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Lapthorne, Hewett, and Reid reach AO Wheelchair singles semis

Brits Andy Lapthorne, Alfie Hewett and Gordon Reid all booked their places in the Australian Open singles semi-finals on Sunday’s opening day of wheelchair tennis action at Melbourne Park.

On an excellent day for players on the LTA’s Wheelchair Tennis World Class Programme, Lapthorne made history when he won the first ever completed quad singles knockout quarter-final at an Australian Open, defeating the USA’s David Wagner 6-1, 6-4.

With the Australian Open expanding its quad division field to eight players this year and therefore moving from a round-robin format to a knockout competition for the quad singles, world No.2 Lapthorne opened up a 6-1 3-0 lead over former champion David Wagner of the USA , before needing to regroup midway through the second to close out victory.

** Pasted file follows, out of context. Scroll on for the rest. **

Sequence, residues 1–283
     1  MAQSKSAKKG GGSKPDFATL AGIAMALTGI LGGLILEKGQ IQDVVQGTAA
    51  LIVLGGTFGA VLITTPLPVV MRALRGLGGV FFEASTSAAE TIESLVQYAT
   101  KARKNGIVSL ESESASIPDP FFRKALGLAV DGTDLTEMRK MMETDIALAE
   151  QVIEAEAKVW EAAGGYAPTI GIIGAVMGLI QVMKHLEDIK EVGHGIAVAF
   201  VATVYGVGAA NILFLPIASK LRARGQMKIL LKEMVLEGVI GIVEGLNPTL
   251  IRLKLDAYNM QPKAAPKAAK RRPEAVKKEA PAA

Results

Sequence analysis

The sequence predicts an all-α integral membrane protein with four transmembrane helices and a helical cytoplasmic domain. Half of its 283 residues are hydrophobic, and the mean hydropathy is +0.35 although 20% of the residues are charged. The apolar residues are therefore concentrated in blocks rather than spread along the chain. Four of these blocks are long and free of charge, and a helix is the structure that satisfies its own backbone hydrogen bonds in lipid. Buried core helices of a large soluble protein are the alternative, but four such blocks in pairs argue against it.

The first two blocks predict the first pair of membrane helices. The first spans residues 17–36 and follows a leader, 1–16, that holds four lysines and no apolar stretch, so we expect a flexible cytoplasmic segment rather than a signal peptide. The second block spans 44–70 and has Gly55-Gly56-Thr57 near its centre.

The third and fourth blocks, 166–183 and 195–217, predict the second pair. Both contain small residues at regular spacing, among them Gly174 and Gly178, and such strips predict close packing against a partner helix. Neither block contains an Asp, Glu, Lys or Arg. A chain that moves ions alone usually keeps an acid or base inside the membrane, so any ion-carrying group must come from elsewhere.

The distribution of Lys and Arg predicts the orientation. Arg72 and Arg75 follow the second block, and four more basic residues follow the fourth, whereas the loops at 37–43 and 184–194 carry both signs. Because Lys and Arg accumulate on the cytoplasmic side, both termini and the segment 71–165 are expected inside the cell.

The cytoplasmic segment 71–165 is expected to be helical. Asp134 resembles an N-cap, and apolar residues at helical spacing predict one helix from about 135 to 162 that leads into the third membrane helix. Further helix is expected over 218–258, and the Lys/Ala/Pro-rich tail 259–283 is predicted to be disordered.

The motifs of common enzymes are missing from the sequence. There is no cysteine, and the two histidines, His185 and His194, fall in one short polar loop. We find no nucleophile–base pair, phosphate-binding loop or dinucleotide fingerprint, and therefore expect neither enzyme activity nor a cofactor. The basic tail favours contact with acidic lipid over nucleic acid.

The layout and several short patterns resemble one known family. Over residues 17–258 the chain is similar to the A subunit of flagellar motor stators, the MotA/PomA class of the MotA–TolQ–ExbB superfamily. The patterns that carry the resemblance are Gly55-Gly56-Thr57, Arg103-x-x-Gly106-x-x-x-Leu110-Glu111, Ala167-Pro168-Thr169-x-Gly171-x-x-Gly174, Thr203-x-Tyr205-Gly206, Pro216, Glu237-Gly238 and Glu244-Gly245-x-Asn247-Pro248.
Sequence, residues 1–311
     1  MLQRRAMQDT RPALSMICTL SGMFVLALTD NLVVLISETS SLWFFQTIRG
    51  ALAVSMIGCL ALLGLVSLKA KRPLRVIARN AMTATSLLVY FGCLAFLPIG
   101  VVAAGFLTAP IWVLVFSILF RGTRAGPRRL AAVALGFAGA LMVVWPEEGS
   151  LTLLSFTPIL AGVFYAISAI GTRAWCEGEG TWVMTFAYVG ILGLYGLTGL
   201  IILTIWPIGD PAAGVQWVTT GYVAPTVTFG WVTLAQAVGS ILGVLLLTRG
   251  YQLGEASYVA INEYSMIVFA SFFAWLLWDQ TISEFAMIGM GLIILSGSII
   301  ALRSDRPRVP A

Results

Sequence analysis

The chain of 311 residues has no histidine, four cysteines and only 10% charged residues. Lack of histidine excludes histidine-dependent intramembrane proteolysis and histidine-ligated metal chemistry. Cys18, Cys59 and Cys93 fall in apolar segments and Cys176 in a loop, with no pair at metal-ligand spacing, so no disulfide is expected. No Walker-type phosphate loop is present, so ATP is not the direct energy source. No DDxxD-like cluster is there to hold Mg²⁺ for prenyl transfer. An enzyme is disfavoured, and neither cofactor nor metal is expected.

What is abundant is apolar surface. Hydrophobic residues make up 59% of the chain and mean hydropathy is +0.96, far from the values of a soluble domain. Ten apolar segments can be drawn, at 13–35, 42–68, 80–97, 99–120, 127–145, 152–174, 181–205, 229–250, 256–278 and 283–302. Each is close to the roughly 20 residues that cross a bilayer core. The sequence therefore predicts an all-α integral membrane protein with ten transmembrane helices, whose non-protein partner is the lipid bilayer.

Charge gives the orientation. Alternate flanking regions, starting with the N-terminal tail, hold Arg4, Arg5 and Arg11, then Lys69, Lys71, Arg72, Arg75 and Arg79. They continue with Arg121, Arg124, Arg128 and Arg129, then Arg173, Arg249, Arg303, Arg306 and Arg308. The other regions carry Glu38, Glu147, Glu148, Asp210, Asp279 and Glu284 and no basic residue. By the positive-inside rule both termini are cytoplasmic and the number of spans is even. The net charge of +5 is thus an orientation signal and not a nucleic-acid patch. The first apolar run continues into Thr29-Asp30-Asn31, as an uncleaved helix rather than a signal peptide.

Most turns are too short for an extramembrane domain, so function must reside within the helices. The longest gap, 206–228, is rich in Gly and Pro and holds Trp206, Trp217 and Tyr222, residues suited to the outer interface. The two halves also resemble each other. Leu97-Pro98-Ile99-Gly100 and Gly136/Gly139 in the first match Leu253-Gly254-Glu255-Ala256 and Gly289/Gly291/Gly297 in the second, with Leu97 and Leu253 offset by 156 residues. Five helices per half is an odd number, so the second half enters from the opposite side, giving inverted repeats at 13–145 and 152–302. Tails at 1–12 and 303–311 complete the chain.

Three-time Australian Open finalist Lapthorne, who plays reigning US Open champion Sam Schroder of the Netherlands in Monday’s semi-finals, said:

“I came out and tried to play aggressive and it worked. I got it to 6-1, 3-0 and probably relaxed a bit. I felt a lull there and let him get back into it, but I showed massive character to hold for 5-3 and just found a way (to win). This is what all the campaigning has been for, to get eight players here and I’m so proud of that.

“I’ve done a few things differently and I’m trying to stay relaxed, as I’m very aware that it’s a privileged position that we’re in, being able to play tennis while so many here and in the UK are in lockdown,” added Lapthorne, who partners Wagner in Monday’s quad doubles semi-finals, where they face Japan’s Koji Sugeno and American Nick Taylor.